I'm sorry to hear that you and your dog are having to deal with this. How long she will live, and whether there is more you can do for her, depends on a number of variables, including where on the bladder the tumor is located, how large it is, and whether it has spread to the lymph nodes or to other organs. Without any treatment at all, dogs with bladder cancer typically only live a few days to a few weeks. Many times, there is treatment that can help. In order to find out about it, you'll have to see a veterinary oncologist. Oncologists are usually on staff at veterinary teaching hospitals. This link will take you to a directory of such hospitals:
Possible treatment options include surgery, radiation, and chemotherapy. Purdue University has conducted extensive studies on bladder cancer in dogs, and researchers have had good results combining chemo with a drug called piroxicam. Results vary from dog to dog, but average survival time has been 195 days, with a few dogs living more than two years. The following site has detailed information from Purdue on bladder cancer and different treatments. If you read it, you'll have a better understanding of the options. You'll need to scroll down when you get to the page.
Here is a link to a download of the same information:
If you would happen to live anywhere near Purdue, they often have clinical studies going on. You can get more information about that by calling their oncology department at(NNN) NNN-NNNN If you don't live near that university, it may be worth calling them to see if they know of studies at a veterinary college near you.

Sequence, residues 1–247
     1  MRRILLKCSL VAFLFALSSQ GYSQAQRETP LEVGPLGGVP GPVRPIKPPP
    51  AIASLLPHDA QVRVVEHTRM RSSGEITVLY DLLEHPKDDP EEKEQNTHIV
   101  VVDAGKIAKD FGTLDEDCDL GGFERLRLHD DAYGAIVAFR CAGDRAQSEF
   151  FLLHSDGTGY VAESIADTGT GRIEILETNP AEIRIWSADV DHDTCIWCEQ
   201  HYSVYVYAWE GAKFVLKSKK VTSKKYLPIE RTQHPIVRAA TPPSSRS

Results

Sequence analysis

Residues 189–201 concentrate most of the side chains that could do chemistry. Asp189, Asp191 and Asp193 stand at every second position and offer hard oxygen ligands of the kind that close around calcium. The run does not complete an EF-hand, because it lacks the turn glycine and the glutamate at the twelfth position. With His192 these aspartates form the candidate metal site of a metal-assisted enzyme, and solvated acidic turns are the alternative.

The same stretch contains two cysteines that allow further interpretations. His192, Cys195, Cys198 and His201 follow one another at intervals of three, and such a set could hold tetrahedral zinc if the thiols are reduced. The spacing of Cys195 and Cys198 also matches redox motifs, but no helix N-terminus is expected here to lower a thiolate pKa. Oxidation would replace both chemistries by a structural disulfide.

Dogs are not affected as much by all the unpleasant side effects that bother humans.You can read much more about possible treatments and how effective they are at this site:
If you're interested in integrative treatment, which combines the best of conventional and alternative therapies, you may want to read the following site. Dr Roger Clemmons, DVM, at the University of Florida is a leading expert on integrative veterinary medicine. His article, includes recommendations for vitamins, herbs, and other supplements.
Research has been done that shows it's better to feed a diet higher in fat and lower in carbohydrates to dogs with cancer. Cancer cells are nourished by carbohydrates. Science Diet makes a food for dogs with cancer - you would have to obtain it through your vet. The information on the following site is provided by Mary Straus, a respected writer for The Whole Dog Journal. It’s on diet for dogs with cancer, and is based on research done at Colorado State University.
If you have more questions about this, just let me know by clicking on REPLY. I'll be hoping for the best possible outcome for your dog.